Planning An Old-Fashioned Thanksgiving Dinner, Portlandia-Style

farmersAbout four years ago, I wrote an Edible Aspen story on Brook LeVan, a farmer friend of mine who lives in western Colorado’s Roaring Fork Valley. Brook and his wife, Rose (that’s them, in the photo), raise heritage turkeys, among other things, and part of my assignment was to ask him how to celebrate a locally sourced, cold-climate Thanksgiving.

Brook, whom i’ve since dubbed “The Messiah of the Roaring Fork Foodshed,” embarked on a lively discourse about apple-picking and root vegetable storage. It was inspiring, and sounded like fun … to a food geek like me. But how many urbanites realistically wanted to make their own pumpkin butter, or sausage for stuffing?

Fast-forward to 2011, when a little TV show called “Portlandia” blew up with hilarious, bitingly satirical (and dead-on) skits about farm-to-table dining (Remember Colin the chicken?), mixology, and preserved foods (“We can pickle that!”). Suddenly, being an avid home cook, home brewer, and fermenter of sauerkraut had become part of our cultural zeitgeist.

With that in mind, I’d like to offer up Brook’s lovely ideas for making Thanksgiving not just eco-friendly and delicious, but fun and educational for family and friends. Ideas after the jump.

farmGet an early start on future holiday meal planning, especially if you want to order a heritage turkey – meaning an antique breed raised for flavor, rather than maximum output and yield. If you can’t find a heritage or organic bird, serve a different type of poultry or farmed game bird. The LeVan’s usually sell out of pre-ordered turkeys by July.

If possible, order your bird from a local farm, and make a field trip of picking it up. Maybe you can pick apples or winter squash as well, or purchase eggs, cider, preserves, or homemade bread or stuffing-mix.

Shop your local farmers market, food co-op, or specialty store for locally and/or sustainably-grown ingredients for your holiday table: potatoes, onions, or other root vegetables; winter squash, apples and pears, persimmons, pomegranates, even cheese.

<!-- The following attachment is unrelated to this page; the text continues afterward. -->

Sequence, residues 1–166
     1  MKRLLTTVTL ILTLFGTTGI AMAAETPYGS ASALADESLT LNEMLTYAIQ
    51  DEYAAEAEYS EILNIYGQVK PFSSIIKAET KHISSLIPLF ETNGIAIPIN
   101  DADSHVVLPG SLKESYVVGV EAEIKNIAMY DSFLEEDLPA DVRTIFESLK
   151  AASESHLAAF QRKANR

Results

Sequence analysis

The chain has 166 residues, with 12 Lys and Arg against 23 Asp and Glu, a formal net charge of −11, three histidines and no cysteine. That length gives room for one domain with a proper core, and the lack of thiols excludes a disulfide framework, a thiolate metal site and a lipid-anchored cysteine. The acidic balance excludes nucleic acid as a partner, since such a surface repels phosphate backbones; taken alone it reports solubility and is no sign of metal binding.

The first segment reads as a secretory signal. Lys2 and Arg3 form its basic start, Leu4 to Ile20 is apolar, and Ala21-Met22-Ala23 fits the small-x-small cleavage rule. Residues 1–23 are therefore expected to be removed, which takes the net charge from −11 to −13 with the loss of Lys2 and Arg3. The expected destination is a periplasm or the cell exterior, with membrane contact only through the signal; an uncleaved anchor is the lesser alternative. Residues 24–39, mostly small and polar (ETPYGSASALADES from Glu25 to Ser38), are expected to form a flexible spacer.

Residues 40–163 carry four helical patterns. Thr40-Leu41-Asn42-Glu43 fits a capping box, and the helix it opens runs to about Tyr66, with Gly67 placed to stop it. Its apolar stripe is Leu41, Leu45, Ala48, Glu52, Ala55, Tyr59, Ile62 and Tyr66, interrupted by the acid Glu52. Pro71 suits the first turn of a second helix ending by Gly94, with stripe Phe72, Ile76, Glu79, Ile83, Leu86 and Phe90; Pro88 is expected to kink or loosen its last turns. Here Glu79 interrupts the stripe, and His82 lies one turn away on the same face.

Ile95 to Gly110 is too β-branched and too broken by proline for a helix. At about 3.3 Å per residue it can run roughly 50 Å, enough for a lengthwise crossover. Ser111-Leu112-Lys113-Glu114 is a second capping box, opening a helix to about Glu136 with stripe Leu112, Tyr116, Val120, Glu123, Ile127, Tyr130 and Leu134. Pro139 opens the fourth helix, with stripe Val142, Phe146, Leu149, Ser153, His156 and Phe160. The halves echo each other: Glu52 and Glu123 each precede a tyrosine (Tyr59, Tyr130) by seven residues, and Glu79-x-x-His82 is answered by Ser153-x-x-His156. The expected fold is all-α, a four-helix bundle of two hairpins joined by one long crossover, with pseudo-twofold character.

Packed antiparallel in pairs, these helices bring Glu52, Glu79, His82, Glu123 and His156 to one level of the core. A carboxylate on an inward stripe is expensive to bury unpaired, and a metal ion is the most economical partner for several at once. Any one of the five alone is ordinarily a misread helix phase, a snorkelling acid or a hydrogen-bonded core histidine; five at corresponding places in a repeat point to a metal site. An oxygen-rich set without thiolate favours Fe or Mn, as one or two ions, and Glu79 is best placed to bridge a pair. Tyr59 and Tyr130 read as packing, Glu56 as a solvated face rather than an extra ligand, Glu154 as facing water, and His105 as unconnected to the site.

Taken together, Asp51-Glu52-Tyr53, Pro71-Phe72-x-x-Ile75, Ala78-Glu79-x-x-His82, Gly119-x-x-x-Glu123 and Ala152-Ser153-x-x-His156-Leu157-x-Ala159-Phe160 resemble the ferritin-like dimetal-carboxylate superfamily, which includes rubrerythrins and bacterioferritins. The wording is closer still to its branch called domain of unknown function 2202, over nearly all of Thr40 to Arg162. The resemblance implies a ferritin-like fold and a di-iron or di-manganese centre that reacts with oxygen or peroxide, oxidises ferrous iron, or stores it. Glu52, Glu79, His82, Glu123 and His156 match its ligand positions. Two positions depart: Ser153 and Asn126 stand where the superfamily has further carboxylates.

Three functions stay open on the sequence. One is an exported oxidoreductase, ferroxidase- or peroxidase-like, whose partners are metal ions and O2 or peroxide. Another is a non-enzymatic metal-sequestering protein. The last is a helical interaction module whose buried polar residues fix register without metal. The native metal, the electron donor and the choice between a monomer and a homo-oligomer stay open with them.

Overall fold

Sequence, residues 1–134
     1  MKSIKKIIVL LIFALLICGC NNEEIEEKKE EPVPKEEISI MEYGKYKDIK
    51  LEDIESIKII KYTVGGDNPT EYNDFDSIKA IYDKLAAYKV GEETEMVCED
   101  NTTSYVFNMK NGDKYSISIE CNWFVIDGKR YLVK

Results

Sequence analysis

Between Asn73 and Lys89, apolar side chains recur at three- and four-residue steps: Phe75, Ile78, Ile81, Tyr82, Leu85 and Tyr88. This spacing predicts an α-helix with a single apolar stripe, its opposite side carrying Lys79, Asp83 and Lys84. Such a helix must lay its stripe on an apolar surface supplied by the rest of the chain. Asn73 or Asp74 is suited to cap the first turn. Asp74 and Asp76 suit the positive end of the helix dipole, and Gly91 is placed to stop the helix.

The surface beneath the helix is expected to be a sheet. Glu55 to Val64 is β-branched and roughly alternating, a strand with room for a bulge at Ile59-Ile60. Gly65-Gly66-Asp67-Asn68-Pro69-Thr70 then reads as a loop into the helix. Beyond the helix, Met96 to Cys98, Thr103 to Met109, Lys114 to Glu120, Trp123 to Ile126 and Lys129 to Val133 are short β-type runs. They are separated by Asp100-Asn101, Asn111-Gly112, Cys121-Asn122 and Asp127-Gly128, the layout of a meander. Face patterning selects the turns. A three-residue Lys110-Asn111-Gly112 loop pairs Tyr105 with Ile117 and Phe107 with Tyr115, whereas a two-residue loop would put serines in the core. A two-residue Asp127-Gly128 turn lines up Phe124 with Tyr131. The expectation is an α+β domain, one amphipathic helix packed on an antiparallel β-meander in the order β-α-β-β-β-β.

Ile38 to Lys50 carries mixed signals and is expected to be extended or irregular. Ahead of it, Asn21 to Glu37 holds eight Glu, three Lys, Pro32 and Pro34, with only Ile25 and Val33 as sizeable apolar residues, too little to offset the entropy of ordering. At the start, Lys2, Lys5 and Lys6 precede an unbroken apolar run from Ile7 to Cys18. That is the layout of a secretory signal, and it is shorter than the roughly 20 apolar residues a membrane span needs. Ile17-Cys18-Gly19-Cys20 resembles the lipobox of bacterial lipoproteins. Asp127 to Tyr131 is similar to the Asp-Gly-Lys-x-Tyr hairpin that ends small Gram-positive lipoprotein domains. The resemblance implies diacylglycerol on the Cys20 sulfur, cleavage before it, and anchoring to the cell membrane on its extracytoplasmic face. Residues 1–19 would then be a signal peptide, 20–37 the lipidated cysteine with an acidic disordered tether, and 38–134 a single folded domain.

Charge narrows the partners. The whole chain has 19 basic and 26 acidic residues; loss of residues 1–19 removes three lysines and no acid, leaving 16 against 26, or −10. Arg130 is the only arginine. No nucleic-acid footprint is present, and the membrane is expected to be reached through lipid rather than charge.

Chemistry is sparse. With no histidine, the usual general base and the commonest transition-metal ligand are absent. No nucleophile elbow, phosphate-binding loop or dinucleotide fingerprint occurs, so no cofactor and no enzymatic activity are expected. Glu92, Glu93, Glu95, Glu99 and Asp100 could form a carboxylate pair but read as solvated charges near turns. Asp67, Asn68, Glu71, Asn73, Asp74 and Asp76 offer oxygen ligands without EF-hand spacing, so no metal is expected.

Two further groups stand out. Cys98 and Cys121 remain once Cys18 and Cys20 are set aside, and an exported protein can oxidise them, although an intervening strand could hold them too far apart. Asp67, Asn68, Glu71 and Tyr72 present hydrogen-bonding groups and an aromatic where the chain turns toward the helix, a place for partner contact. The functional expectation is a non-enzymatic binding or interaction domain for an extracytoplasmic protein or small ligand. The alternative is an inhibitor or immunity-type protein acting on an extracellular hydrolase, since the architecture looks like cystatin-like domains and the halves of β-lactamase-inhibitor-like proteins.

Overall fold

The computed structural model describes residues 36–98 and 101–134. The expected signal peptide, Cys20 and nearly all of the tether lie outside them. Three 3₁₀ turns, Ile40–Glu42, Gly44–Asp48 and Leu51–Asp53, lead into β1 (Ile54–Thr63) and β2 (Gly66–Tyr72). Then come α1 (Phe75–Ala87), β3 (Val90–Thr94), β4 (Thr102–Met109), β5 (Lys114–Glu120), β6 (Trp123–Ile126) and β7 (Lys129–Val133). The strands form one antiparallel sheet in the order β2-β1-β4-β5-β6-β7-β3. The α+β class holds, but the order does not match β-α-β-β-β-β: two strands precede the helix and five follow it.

Preserve seasonal foods. Whether it’s a bumper crop of summer peaches or pickled celery root or beets, there’s no end to the type of ingredients you can put up to last throughout the winter. Apple butter, fresh cider (you can often find local distilleries or farms that will press apples for you), poached pears, or pickled radishes all make wonderful additions to the holiday table.

Even if your Thanksgiving shopping consists of nothing more than a trip to a local farm stand or specialty market, it makes a difference, from both a taste and food security standpoint. As Brook said to me back in 2008, “When you make your dinner from all that local, fresh or preserved food, you’re going to put a taste memory in your family. It’s all about the little things we do, as individuals, each day. It’s flavor, and love.”

For more information on the LeVan’s family farm and learning center, Sustainable Settings, click here.

[Photo credits: Sustainable Settings]


Paris hosts annual agriculture fair February 19th-27th

Paris agriculture fairParis may be one of the global epicenters of fashion, but next week, the city will be more sow’s ear than silk purse (sorry, I couldn’t help myself). The The New York Times reports that the 48th annual Salon de l’Agriculture will run Feb. 19th to the 27th at the Porte de Versailles. The festival is a showcase for France’s finest livestock (over 3,500 animals will be in attendance) and farm-related events and activities. The featured line-up includes rare cow breeds; sheep-herding competitions; gardening workshops, traditional music, produce stands, farm machinery displays, a children’s area, and panel discussions.

The Salon’s theme for this year is “Farming and Food: The French Model,” inspired by UNESCO, which last November added the French gastronomic meal to its Representative List of the Intangible Cultural Heritage of Humanity (whew). Food samples and farmstead products will also be available from the winners of the Concours Général Agricole, an annual competition of France’s signature food and drink products. And keep an eye out for Nicolas Sarkozy; the French president traditionally makes an appearance at the festival.

P.S. The twelve euro entry fee may just be the best deal in Paris. Try getting a good cheese for that.